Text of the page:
# Dual of a holomorphic vector bundle

Let $(E,\pi,M)$ be a holomorphic bundle, i.e. $(M,J)$ is a complex manifold and $\pi \colon E \to M$ is a complex bundle such that there exists a trivialization with holomorphic transition functions.

I am asked to prove that the dual vector bundle $E^* \to M$ is also holomorphic.

I am pretty sure that this is the kind of problem that should be solved looking at how transition maps change, i.e. I should probably define the dual bundle as the one having $g_{\alpha,\beta}^*$ as its transition functions (whatever this means) and then the result follows from the fact that a bundle can be reconstructed from its transitions functions... What I need is to express the $g_{\alpha,\beta}^*$ with the $g_{\alpha,\beta}$ to obtain that this new bundle is holomorphic.

EDIT: Here's my attempt: suggestions, corrections and improvements are encouraged!!!

1) I define a fiber bundle $F$ with the fiber bundle construction theorem (http://en.wikipedia.org/wiki/Associated_bundle) as the one having $(g_{\alpha,\beta}^t)^{-1}$. This is clearly a holomorphic vector bundle, being $g_{\alpha,\beta}$ holomorphic.

2) I want to prove that this corresponds to the idea of fiber bundle given in class: I want to prove that $F_p \cong (E_p)^*$. For this purpose I would like to define a duality between $F_p$ and $E_p$, i.e. $E_p \times F_p \to \mathbb{C}$.

Let $\{(U_{\alpha},\psi_{\alpha})\}$ be a trivializzation of $E$, and let $\{(U_{\alpha},\psi^*_{\alpha})\}$ be a trivializzation of $F$.

If $p \in U_{\alpha}$, then $$E_p \times F_p \to \mathbb{C}$$ $$((p,v), (p,w)) \mapsto \langle \pi_2\psi_{\alpha}((p,v)),\pi_2\psi^*_{\alpha}((p,w)) \rangle$$

Here $\pi_2$ is the projection $\pi_2 \colon U_{\alpha} \times \mathbb{C}^k \to C^{k}$, and $\langle \cdot,\cdot \rangle$ is the standard Hermitian product on $\mathbb{C}^k$.

I would like also to prove this application is well defined, i.e., if $p \in U_{\alpha} \cap U_{\beta}$ I would like this to be independent of $\alpha$. Here is where I am supposed to show that the choise of the transition functions for $F$ is what makes things work. (At the moment, I am stuck with this, help please!!!)

The application $v \to \langle \pi_2\psi_{\alpha}((p,v)),\pi_2\psi^*_{\alpha}((p,w)) \rangle$ seems to be a linear application from $E_p \to \mathbb{C}$ and this should give the result I was looking for. Am I correct?

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comes a time in every man's life when the only thing left is its partial solution to the problem. I am sorry but I am not going to invest more reputation for this question. I am of course interested in the answer, so if you want to post something, this is always wellcome.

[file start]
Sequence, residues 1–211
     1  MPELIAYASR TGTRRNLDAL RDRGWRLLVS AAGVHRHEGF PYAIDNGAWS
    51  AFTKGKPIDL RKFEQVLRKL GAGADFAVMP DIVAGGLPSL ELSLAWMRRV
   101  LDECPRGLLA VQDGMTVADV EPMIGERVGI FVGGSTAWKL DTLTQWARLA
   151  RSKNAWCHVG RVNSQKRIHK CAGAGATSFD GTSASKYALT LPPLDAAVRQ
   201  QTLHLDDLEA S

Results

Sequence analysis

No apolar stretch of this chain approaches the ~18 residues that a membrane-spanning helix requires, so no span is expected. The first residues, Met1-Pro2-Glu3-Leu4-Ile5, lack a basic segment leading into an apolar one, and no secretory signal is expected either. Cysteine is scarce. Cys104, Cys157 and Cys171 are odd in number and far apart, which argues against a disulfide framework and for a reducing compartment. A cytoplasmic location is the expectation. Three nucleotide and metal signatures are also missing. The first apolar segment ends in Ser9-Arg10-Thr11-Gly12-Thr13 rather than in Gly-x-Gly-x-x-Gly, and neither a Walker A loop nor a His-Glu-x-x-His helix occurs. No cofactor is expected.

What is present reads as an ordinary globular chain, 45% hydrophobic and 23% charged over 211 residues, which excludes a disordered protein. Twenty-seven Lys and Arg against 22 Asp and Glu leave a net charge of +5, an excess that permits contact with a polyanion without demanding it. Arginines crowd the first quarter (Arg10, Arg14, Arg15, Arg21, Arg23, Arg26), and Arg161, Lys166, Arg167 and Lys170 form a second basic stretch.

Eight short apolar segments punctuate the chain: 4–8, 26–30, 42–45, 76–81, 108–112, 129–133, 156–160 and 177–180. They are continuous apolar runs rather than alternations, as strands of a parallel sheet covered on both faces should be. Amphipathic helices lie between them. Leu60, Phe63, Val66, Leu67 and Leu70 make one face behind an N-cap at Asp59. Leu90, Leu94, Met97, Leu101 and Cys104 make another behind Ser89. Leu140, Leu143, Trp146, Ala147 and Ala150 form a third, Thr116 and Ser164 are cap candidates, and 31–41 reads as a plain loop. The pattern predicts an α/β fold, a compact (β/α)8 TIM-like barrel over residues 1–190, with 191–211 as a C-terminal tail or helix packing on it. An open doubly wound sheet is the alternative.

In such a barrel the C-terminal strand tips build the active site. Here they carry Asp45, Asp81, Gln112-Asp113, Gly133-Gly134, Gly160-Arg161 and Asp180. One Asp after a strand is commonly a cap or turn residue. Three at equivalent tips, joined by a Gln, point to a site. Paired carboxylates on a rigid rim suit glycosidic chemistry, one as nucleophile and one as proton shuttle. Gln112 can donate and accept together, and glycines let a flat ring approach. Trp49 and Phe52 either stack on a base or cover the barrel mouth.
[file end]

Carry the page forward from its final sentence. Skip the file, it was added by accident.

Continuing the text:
1) I define a fiber bundle $F$ with the fiber bundle construction theorem (http://en.wikipedia.org/wiki/Associated_bundle) as the one having $(g_{\alpha,\beta}^t)^{-1}$. This is clearly a holomorphic vector bundle, being $g_{\alpha,\beta}$ holomorphic.

2) I want to prove that this corresponds to the idea of fiber bundle given in class: I want to prove that $F_p \cong (E_p)^*$. For this purpose I would like to define a duality between $F_p$ and $E_p$, i.e. $E_p \times F_p \to \mathbb{C}$.

Let $\{(U_{\alpha},\psi_{\alpha})\}$ be a trivializzation of $E$, and let $\{(U_{\alpha},\psi^*_{\alpha})\}$ be a trivializzation of $F$.

If $p \in U_{\alpha}$, then $$E_p \times F_p \to \mathbb{C}$$ $$((p,v), (p,w)) \mapsto \langle \pi_2\psi_{\alpha}((p,v)),\pi_2\psi^*_{\alpha}((p,w)) \rangle$$

Here $\pi_2$ is the projection $\pi_2 \colon U_{\alpha} \times \mathbb{C}^k \to C^{k}$, and $\langle \cdot,\cdot \rangle$ is the standard Hermitian product on $\mathbb{C}^k$.

I would like also to prove this application is well defined, i.e., if $p \in U_{\alpha} \cap U_{\beta}$ I would like this to be independent of $\alpha$. Here is where I am supposed to show that the choise of the transition functions for $F$ is what makes things work. (At the moment, I am stuck with this, help please!!!)

The application $v \to \langle \pi_2\psi_{\alpha}((p,v)),\pi_2\psi^*_{\alpha}((p,w)) \rangle$ seems to be a linear application from $E_p \to \mathbb{C}$ and this should give the result I was looking for.

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if you go to local coordinates everything becomes as in the world of vector spaces. There, the dual map of a matrix is the transpose. So it is for vector bundles. In The book of Huybrechts, "complex geometry" sec. 2.2. p.66 there is something written more about it.

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